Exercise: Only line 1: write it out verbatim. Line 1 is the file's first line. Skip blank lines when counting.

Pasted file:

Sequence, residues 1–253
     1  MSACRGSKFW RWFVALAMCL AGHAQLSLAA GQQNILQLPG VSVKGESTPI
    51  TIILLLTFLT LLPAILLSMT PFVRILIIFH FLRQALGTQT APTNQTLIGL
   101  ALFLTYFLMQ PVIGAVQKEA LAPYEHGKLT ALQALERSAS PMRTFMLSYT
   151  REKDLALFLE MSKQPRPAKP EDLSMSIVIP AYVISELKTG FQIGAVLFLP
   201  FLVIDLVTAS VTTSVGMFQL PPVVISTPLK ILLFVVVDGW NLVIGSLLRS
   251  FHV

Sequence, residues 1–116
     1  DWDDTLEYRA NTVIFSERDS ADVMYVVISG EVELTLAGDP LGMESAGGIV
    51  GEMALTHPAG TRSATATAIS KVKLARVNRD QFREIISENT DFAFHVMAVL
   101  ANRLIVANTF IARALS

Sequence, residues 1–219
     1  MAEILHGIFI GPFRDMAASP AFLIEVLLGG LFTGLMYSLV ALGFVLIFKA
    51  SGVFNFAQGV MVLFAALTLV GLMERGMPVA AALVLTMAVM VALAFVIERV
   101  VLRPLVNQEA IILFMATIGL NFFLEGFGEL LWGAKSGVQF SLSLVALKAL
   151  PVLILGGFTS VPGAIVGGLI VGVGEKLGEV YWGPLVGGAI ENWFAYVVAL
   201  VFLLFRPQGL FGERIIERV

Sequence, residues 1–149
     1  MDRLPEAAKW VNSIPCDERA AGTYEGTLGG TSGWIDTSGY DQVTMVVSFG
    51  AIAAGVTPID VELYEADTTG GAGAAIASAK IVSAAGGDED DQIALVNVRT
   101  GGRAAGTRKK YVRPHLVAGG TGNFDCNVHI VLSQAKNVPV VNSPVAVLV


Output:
Sequence, residues 1–253